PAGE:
The sudden passing of anyone, especially a family member or friend, is a tough experience. This gets pushed to an even higher extreme when the way you find out about their passing is via social media. But that is exactly what happened to me this past Friday. I was sitting in my living room and talking to some close friends while browsing my Facebook feed. While going past all the politics and relationship issues that dominate my social media, one message stood out that I could not ignore: "Kris Bercov had died."
I did not comprehend what I had read the first time. I read the post again ensuring that I had not misread this. And then I read it a third time still not believing what I was seeing. At this point, I needed to find out what was going on and messaged multiple friends who knew Kris. I wanted to know the truth. My fears were quickly confirmed.
At the time, I could not handle what had happened. It took me multiple days to put into words what Kris meant to me. It's a bit confusing. I am not family and calling myself her close friend is disingenuous to those who actually were close friends. And still, she was a writer who had a profound impact on my writing and a voice in the community that will not be able to be replaced. Even as I put these words down, I feel like I did not know her well enough to properly write about the remarkable person that she was. But I will try my best because, without her guidance, I would not have the ability to write what I do now (this article included).
I first met Kris at Writers of Central Florida or Thereabouts, a writing group that is among my greatest supporters. It is no small thing to say that without the guidance of so many of the people in this group, that I would still be working retail. I would never have been able to realize my dreams of being a writer. It is not stretching the truth to say that I have incurred a debt that I will never be able to repay. Kris paid a significant role in that debt. I'll do my best to explain here as I wipe away the tears.
Anyone who has read my work knows two things about me. One is that I am an incredibly cynical man. The second is that the things I write happen to frequent the realms of morbid and horrifying events and themes. Something that used to hold me back from truly expressing my writing was the fear that I would do this poorly. I feared that instead of telling powerful stories, I would do nothing more than let my feelings overwhelm my writing.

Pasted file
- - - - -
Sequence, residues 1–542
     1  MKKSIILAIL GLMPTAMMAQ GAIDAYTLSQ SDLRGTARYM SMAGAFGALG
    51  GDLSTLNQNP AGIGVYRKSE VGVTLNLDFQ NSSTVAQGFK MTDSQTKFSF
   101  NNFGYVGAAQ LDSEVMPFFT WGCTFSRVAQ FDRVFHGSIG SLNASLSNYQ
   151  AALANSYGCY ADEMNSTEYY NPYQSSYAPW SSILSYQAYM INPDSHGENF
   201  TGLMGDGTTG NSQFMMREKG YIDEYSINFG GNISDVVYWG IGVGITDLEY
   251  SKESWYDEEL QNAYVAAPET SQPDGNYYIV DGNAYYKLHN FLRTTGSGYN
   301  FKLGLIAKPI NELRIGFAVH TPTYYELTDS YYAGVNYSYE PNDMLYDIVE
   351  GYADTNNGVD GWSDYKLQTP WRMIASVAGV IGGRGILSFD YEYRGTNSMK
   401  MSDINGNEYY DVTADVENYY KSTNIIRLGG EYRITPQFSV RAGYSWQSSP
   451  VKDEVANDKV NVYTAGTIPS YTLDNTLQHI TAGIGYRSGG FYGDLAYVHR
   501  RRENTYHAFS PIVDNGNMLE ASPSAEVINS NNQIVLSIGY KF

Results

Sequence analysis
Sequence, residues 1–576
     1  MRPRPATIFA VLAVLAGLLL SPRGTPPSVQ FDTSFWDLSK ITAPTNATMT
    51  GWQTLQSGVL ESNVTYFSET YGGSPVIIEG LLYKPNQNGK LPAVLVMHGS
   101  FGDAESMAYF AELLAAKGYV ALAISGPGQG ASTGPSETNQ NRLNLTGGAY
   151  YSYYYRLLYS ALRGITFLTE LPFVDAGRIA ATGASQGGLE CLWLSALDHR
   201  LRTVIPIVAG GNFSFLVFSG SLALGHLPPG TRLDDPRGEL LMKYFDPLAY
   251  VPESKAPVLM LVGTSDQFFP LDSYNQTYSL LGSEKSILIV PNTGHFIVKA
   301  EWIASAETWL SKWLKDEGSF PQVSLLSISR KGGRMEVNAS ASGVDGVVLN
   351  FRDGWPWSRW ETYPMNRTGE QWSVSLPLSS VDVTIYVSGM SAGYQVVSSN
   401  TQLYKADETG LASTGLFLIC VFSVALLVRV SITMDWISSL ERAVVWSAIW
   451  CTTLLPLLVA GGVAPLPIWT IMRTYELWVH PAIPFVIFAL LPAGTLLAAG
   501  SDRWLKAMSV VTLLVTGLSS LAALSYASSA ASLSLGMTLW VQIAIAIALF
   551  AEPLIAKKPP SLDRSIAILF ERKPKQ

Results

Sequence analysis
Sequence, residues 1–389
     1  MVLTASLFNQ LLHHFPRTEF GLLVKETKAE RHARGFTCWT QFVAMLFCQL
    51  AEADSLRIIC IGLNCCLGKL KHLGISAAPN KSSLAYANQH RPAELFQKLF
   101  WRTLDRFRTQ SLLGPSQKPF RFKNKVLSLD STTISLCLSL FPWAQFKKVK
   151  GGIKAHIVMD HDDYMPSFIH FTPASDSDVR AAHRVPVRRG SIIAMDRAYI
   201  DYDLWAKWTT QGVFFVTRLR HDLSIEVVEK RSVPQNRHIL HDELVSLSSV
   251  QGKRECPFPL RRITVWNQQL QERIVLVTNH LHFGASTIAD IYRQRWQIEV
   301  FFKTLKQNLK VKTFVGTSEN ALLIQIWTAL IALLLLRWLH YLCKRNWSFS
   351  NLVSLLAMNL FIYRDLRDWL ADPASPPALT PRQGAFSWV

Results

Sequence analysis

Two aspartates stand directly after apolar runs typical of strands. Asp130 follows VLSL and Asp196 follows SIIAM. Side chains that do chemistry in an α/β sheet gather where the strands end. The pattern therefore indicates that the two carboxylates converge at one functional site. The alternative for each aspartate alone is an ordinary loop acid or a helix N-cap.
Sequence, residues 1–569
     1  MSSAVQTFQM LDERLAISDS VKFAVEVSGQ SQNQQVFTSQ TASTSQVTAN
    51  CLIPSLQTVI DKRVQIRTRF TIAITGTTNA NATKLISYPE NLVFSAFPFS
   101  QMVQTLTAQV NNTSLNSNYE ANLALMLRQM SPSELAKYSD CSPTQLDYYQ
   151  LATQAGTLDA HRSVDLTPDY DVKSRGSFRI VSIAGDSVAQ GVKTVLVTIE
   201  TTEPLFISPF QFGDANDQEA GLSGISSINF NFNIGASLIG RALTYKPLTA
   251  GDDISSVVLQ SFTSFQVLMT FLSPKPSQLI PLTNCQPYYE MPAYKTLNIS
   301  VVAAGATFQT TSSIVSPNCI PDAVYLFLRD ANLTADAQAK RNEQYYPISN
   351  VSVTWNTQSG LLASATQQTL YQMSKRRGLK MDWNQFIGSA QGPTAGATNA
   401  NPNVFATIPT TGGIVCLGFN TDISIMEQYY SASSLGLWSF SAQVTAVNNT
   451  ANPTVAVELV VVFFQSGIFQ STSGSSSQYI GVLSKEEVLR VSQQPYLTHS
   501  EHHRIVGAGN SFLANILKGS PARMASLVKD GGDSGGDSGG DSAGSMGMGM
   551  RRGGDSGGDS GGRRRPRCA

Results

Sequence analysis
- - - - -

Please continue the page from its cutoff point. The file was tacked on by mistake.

The reason I started writing such dark stuff was as a coping mechanism. I saw some of the worst that humanity had to offer when I was growing up. I still bear mental scars and trauma from that dark part of my history. But to translate that pain onto the page required another opinion. Kris was that opinion.
Kris was a poetic soul who had some of the most compelling stories to tell whenever she went on stage. There usually were a couple of laughs as well whenever she prepared to read. The microphone did not like cooperating with her. However, once she began to read, the poems were hardly jokes. They dealt with serious issues of love, loss, and learning to hope again. These emotions were the ones I properly needed to understand and utilize.
Upon learning about her skills in social work, I also spoke to her about how to properly depict mental illness in writing. I am one who gets upset when personality traits are depicted incorrectly. The fear of doing this myself left me stuck in the paralysis of writer's block. But thanks to Kris being brave and willing to read my stories, a genre that she normally did not enjoy, I learned a lot about what I was doing - both wrong and right.
In the present, I look at what I have written. I have created very realistic depictions of Anti-Social Personality Disorder, Autism, Schizophrenia, and other conditions. I cannot thank Kris enough for her feedback and willingness to work with me. This is especially notable because, by my nature, I am a pushy person and probably distracted her from other tasks she wanted to do. Her nature was that of patience and kindness. I would never have been able to get the feedback I did otherwise.
If I had known that when I walked out of Stardust on Wednesday, July 11th, that it would be the last time I would speak to Kris, I would have hugged her tight and thanked her for the sheer amount of patience. Instead, I left rather quickly. I will probably never forget this harsh lesson in how quickly things can change. It still feels weird to realize that from now on at Stardust Coffee, the poetry you always brought to the stage will be gone. And your smile which was contagious even on days where there was little to feel happy about, will be sorely missed.
Writers of Central Florida or Thereabouts will not be the same without Kris Bercov. While we will continue to write, because that is what writers do, we will also continue to remember. With her passing, the world has truly lost an angel. And I mean the heroic kind for a change.
I am honored that I got to know you and consider you a friend in the final years of your life. I will never forget you for as long as I live. Thank you for everything Kris. I wish I could have told you in person. Rest in peace.